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for yourself and your friends and put as many handicaps on your enemies and rivals as the traffic will bear. Thus you prepare yourself for the competitions and the wars which are certain to ensue. Anything else is what a French royalist paper has called “vnut'rinnus idealism," or what an insubordinate American military politician has described as “verbal massage.”
The Revolution is equally convinced that anything else is highfalutin nonsense. Lenin and his followers in all countries say quite frankly that liberalism is dying and should be exterminated, that the “idealogy" of the Wilsons merely confuses and blurs the issue which is about to be fought out between the old order resting on violence and the new order created by violence. Lenin has no doubts that if ever the choice is narrowed so that the masses must choose between him and the reaction, his own victory is assured. He is quite right. Men will prefer a violent hope to a terrible despair.
The old order which so many of the statesmen at Paris are trying so earnestly to maintain is utterly incapable of creating the security, the well-being and that temper of reconciliation which alone can avert a universal revolution. There is one chance, and a somewhat slim one, that the purposes which Wilson has voiced can, if honestly applied, open an orderly road to revival and freedom. I call it a slim chance, because moral fervor can easily lose itself in a world where needs are stark and scruples few. Many who have supported Mr. Wilson and still support him in all loyalty, know that his ideas have never had the precision and downrightness which characterizes both the Reaction and the Revolution. Those who have said “ We demand this territory” have known just exactly what they wanted, as have those who say “We demand the complete overthrow of existing governments.” But the Wilson movement is an effort to temper the policies of existing governments in order to justify their existence. That is an immensely difficult thing to do, requiring the most persistent education, and the shrewdest use of opportunities. One thinks then of the Committee on Public Information and the American diplomatic service abroad, and of the innumerable occasions when responsible American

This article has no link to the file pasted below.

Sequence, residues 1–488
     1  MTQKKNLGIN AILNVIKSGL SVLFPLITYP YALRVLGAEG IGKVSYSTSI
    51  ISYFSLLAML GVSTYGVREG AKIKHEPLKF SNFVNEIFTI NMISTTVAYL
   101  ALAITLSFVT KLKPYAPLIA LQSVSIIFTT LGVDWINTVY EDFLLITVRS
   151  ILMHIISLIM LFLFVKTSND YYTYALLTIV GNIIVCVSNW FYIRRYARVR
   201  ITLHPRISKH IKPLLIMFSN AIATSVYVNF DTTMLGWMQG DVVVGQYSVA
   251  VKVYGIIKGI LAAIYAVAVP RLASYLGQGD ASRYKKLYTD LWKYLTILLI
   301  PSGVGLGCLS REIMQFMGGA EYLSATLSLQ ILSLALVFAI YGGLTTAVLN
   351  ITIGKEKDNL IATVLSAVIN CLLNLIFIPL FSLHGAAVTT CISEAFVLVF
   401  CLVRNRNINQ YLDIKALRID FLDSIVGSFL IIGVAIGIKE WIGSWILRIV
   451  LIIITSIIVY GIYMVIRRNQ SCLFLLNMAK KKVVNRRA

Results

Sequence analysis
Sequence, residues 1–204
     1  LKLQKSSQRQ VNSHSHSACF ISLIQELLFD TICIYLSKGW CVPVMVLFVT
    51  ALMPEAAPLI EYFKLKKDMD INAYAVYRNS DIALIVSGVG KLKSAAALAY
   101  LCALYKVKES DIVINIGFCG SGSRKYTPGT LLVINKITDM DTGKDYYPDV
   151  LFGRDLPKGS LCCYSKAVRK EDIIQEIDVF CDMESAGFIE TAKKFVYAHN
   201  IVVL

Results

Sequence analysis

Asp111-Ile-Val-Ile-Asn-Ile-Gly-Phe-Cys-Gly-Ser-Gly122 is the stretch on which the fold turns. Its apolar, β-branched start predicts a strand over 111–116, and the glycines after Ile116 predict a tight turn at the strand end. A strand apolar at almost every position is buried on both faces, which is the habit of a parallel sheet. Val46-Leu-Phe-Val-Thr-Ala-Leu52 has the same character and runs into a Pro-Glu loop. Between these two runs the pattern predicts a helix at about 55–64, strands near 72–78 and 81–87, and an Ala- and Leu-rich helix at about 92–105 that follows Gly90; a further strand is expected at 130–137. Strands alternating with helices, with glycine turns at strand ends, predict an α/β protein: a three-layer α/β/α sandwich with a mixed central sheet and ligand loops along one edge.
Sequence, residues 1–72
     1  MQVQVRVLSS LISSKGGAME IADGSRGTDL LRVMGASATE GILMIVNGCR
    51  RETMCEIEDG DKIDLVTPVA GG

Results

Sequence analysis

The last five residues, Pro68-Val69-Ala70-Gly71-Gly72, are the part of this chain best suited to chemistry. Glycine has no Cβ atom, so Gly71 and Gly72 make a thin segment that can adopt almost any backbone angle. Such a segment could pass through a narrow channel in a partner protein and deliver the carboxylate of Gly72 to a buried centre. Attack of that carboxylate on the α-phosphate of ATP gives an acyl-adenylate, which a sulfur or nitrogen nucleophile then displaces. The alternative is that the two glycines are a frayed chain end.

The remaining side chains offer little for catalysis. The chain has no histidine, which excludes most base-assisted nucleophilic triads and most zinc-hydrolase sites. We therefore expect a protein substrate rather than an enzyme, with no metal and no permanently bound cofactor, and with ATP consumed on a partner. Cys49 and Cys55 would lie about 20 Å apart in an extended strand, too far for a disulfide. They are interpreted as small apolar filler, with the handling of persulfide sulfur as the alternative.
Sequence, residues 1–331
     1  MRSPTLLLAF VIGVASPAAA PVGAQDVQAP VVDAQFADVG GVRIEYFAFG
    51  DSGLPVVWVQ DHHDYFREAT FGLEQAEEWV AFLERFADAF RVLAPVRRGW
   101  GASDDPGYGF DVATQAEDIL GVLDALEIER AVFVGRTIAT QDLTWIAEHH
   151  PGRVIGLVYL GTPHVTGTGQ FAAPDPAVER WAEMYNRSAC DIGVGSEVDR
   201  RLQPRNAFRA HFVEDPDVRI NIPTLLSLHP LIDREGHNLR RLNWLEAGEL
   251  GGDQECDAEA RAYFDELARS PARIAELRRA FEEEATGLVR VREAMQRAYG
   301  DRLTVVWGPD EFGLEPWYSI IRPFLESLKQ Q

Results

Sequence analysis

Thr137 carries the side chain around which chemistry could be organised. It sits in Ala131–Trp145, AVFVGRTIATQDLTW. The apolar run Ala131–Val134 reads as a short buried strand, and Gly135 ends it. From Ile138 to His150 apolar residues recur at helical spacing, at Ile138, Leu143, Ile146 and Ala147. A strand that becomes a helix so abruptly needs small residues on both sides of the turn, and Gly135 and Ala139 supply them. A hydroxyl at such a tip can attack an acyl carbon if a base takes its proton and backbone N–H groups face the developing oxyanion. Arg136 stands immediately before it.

officials in Europe derived their notions of American official policy by reading the morning newspapers. I think especially of the discomforting remark made to me by the diplomatic agent of one of the smaller nations shortly before the President arrived in Paris: “If he knows exactly what he wants, he can get it. Does he know? He has an ideal; but has he a program?"
This much is certain. From the day of Am-7 erica's entrance into the war to the day of the armistice, the chance to lead Europe to a liberal reconstruction was completely in the hands of the President. With the end of the war, as my Italian friend remarked, this chance diminished, and the winter in Paris has been spent wrangling over points that could have been settled with marvelous ease at any time during the course of the war. But only those who feed on prejudice, and those who wish to see failure at Paris, can do anything now but pray anxiously that they will still be settled, and that the peace which emerges from the secrecy of Paris will represent the faith that has been proclaimed to all the world.
For permission to reprint the text which follows I am indebted to the New Republic, where it first appeared. An address delivered before the American Academy of Political Science in April, 1917, is included in the Appendix.
W. L. New York City,
March 23, 1919.